Kids at L.A. private schools take private lessons for everything. From goalie lessons to batting, hitting, quarterback, music, voice, skiing and fencing lessons, there are private lessons to help kids excel at virtually every activity. These lessons supplement the sport or activity. And it’s not just sports and music. There are tutors who help kids get organized (i.e turn in their homework or figure out which test to study for), in addition to assisting with academics.  Instead of dropping the extra lesson, parents seem to be increasing the quantity of private lessons.  Group lessons are a thing of the past. Now, it’s all about private, one-on-one lessons.

 

When I hear that one of my kids’ classmates is taking private lessons in the same activity, I secretly wonder if my own kid should be taking private lessons.  All my insecurities as a mom bubble to the surface.  Will my kid be disadvantaged during a game when he competes with his teammate who takes twice weekly private lessons? I’ve largely resisted this urge with a few exceptions, primarily because private lessons for anything are expensive and very time-consuming. Participating in the activity should be enough, right? With the exception of music lessons (who can teach themselves violin?), I haven’t felt the need to add private lessons aside from tennis. Being able to play tennis as a family is important to me. But, for the past year, my son has been to busy for tennis lessons. Go figure.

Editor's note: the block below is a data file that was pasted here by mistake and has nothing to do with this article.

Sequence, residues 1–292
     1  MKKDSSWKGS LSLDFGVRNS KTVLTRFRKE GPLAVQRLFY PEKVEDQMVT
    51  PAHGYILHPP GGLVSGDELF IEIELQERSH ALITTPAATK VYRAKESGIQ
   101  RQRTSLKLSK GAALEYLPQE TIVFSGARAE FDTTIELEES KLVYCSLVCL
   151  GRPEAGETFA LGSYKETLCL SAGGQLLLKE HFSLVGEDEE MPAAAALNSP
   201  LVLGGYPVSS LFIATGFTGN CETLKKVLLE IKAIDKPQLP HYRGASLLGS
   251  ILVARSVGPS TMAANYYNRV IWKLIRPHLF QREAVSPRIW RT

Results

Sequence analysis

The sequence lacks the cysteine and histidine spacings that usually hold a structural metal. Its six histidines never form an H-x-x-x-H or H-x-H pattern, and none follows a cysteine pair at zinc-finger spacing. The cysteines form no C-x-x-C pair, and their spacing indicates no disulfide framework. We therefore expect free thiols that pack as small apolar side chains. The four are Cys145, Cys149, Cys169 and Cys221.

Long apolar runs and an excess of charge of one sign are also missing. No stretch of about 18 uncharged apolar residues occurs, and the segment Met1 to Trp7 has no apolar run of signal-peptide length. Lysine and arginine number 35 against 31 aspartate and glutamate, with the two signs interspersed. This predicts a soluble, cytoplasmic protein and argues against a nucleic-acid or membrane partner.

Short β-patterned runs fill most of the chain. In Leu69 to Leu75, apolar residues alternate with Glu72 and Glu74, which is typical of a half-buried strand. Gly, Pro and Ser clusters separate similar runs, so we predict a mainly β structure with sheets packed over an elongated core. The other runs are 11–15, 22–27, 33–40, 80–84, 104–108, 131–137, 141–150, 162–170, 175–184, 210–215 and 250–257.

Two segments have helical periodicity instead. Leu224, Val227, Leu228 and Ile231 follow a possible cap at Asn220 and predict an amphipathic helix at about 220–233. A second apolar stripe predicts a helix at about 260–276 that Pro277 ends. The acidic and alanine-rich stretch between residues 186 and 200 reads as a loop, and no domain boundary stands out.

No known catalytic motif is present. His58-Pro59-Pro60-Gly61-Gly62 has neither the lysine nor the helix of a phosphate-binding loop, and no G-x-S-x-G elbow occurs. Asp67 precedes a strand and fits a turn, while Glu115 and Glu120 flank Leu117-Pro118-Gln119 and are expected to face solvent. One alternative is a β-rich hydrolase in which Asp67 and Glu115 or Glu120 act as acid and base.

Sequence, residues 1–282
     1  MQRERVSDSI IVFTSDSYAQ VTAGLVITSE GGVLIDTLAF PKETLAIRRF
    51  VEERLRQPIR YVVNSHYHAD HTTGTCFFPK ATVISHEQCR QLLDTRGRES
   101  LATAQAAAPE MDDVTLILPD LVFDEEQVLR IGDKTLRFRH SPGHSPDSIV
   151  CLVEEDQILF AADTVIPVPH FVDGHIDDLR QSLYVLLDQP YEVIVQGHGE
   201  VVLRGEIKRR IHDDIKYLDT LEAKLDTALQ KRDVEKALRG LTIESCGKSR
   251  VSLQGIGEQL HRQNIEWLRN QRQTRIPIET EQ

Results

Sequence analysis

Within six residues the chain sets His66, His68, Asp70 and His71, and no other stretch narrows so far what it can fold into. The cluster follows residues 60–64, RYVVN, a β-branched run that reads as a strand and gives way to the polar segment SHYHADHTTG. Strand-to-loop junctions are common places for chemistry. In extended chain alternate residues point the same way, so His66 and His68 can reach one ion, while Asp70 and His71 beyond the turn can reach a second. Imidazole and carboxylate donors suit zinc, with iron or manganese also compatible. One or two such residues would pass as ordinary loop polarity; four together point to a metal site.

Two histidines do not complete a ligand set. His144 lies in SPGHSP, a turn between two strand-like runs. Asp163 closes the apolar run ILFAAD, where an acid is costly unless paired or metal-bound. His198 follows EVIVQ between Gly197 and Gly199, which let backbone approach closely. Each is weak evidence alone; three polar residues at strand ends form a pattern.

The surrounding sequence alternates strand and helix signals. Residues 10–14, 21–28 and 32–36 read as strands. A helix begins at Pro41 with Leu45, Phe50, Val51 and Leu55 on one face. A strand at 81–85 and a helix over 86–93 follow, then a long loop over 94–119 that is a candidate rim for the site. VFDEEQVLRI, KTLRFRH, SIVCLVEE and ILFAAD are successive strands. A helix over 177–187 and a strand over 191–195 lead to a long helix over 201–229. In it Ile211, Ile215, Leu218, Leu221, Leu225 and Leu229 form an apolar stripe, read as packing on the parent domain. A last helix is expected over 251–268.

My daughter hitting it! Family tennis.

My daughter hitting it! Family tennis.

I don’t want my kids to assume that whenever they try a new activity, private lessons are required. But, when I hear that a kid on one of my son’s club sports teams was seen at the park with a private coach, I wonder if I’m doing the right thing. Sometimes, private lessons are a way to gain favor with a coach or instructor. It can mean playing time or other advantages for your kid.